Fatale val na snowkite-glijvlucht in de VS

Evan
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Maart 04, 2016, 00:32:05
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Denk goed na voordat je je aan glijvluchten met een kite waagt: In de VS is een 50-jarige met, naar verluid, 2 jaar ervaring bij de afzet van de glijvlucht in een oncontroleerbare rotatie terecht gekomen en zo niet meer wist waar hij de kite heen moest sturen.


Analysis

Based upon the limited information available it has been concluded that the man may have caught a ski edge as he left the surface putting himself into rotation. He may have panicked and pulled excessively hard on one side of the bar driving the kite downward, losing his lift and sending himself hard into the surface. Another possible explanation is that once the kiter leaves the surface, his skis will "weather vane" cross to the apparent wind. This can result in more rapid rotation but is thought to not have been the cause in this instance.

Once the kite leaves the vertical and upward momentum of the kiter dissipates they will fall at speed. It is important to maintain lift when gliding well off the ground usually with the kite overhead and largely undisturbed to aid stable flight. The kite was seen to be low and off to the side of the kiter prior to impact. Snowkiters on skis may rotate around the bar to correct for the backward pull of the kite when leaving the surface. This reverses the normal bar response, e.g. pulling right turns the kiter left vs. what may be the more accustomed direction. This bar rotation may have been a source of confusion and rapid loss of kite control.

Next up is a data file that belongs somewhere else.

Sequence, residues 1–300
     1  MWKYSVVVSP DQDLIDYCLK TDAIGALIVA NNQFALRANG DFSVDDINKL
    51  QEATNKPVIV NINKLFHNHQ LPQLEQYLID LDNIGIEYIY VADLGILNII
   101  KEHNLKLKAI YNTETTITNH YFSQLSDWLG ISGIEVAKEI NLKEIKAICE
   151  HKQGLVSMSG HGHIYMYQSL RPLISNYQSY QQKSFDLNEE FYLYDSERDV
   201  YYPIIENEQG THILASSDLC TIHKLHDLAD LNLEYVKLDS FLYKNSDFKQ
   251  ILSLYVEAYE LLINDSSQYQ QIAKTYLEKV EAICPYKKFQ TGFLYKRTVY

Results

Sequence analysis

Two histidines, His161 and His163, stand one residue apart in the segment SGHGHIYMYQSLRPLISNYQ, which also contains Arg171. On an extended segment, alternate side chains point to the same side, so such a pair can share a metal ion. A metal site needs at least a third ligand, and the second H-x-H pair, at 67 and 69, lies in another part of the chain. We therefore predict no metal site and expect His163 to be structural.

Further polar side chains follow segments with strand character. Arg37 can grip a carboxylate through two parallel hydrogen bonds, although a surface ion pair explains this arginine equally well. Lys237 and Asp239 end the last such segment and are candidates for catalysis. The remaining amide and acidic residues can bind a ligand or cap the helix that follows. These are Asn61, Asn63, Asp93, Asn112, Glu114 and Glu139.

Some expert kiters have concluded that his judgment was poor in electing to go to the top of the mountain at his ability level. The demands and inherent substantial risks of higher altitude gliding are not to be underestimated although it can be easy to not fully appreciate all the risks. Kiting can seem to be deceptively easy and harmless until something goes seriously wrong. Unconfirmed reported diabetes and indications of low blood sugar might have contributed to this poor judgement. If present, this might have also compromised his ability to effectively respond to the emergency after launch.

The man’s kite, bar, lines and quick releases were examined for proper function. They were found to be properly inflated, correct and working properly. He was wearing a substantial climbing harness in lieu of a weaker kiteboarding harness as is becoming more common among snowkiters.


bron: http://www.kiteforum.com/viewtopic.php?t=2391868
Jellevw

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Antwoord #1 Maart 04, 2016, 17:33:06
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Naar zeg.
Ik denk dat de expert kiters wel gelijk hebben. 2 jaar ervaring is niet veel om sprongen boven land te maken. Je orrientatie zit dan nog niet ingebakken.
Dobbelsteen

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Antwoord #2 Maart 05, 2016, 16:33:39
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Hangt er ook een beetje van af hoe frequent die ervaring was in 2j.
Ikzelf na 3j weet dat ik zoiets absoluut nog niet zou moeten doen, ik durf bij grote sprongen ook wel nog eens m'n evenwicht te verliezen.
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